Rationale: Dynamic stretch of lunging and twisting muscles while working on balance with some strength-endurance

Sets: 1   Reps: 6 each leg     Rhythm:  slow

Section 3 – Medicine Ball

Exercise 4:  Side Throw

Rationale:  Works the squash hitting muscles used in a full drive.

Sets: 1    Reps:  8 each side   Rhythm:  Moderate to explosive based on experience

Exercise 5:  Lunge Throws

Rationale:  Works twisting muscles used in squash drives from a lunge position and lunge muscular endurance.  If you are training alone you can throw against a wall.

Sets: 1    Reps:  8 each leg   Rhythm:  lunge slow, throw moderate.

Section 4 – Strength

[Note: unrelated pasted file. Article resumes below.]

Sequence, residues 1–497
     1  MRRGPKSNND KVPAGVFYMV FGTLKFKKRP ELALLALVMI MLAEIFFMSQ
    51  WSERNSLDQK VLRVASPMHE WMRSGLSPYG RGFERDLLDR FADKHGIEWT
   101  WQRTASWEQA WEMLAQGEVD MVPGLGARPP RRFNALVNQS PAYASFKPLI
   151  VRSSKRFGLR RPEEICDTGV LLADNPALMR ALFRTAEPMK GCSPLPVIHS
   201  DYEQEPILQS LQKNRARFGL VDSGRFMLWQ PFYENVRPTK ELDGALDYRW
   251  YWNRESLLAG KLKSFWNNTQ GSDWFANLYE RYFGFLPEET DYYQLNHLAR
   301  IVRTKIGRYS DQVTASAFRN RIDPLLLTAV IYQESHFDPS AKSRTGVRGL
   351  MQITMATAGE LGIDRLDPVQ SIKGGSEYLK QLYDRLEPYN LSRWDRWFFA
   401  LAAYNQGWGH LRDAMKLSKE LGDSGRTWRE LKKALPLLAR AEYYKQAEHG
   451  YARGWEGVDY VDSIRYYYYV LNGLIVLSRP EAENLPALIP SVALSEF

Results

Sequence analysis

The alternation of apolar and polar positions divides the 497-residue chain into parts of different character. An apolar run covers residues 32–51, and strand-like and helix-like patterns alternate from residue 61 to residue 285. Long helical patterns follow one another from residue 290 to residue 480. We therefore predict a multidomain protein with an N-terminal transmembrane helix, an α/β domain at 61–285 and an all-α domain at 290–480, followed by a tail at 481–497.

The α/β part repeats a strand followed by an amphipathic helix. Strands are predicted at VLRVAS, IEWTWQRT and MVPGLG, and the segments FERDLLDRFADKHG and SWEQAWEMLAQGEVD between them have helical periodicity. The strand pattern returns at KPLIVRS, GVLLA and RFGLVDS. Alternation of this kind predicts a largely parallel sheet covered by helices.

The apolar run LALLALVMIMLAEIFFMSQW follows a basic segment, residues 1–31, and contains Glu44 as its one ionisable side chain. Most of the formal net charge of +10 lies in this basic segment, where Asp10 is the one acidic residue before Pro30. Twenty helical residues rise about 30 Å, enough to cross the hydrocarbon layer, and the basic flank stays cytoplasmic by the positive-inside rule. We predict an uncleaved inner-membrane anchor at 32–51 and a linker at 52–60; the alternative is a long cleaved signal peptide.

Exercise 6 – Standing Rotational Push-Pull

Rationale:  A great squash-specific alternative to bench press and seated row – the squat like position mimics that of a squash drive, and the rotational movement works the squash core and twisting muscles.

Sets: 2     Reps: 10 each arm   Rhythm:  slow to moderate

Exercise 7:  Keiser Standing Cable Twist

Rationale:  Works the squash core and twisting muscles used in squash drives.

Sets:  2   Reps: 10 each side  Rhythm:  slow to moderate

Exercise 8: Rotational Row – 1 Arm Cable Standing (No embedded video – click on the link to view video!)

Rationale:  Use of one arm is very squash specific, and explosive action ensures correct use of kinetic chain used in full squash drives.

Sets:  2   Reps:  10 each side  Rhythm:  Moderate to explosive based on experience.

Application for Squash Coaches: